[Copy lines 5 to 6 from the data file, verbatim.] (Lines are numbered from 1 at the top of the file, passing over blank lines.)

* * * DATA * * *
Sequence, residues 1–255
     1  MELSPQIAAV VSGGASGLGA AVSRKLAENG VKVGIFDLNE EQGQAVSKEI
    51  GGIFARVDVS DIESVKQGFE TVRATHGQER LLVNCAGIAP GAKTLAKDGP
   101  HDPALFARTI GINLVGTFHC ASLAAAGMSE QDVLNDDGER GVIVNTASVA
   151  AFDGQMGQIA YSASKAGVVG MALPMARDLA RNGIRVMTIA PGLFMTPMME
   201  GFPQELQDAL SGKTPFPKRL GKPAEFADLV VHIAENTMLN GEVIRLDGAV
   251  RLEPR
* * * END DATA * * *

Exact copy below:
   151  AFDGQMGQIA YSASKAGVVG MALPMARDLA RNGIRVMTIA PGLFMTPMME
   201  GFPQELQDAL SGKTPFPKRL GKPAEFADLV VHIAENTMLN GEVIRLDGAV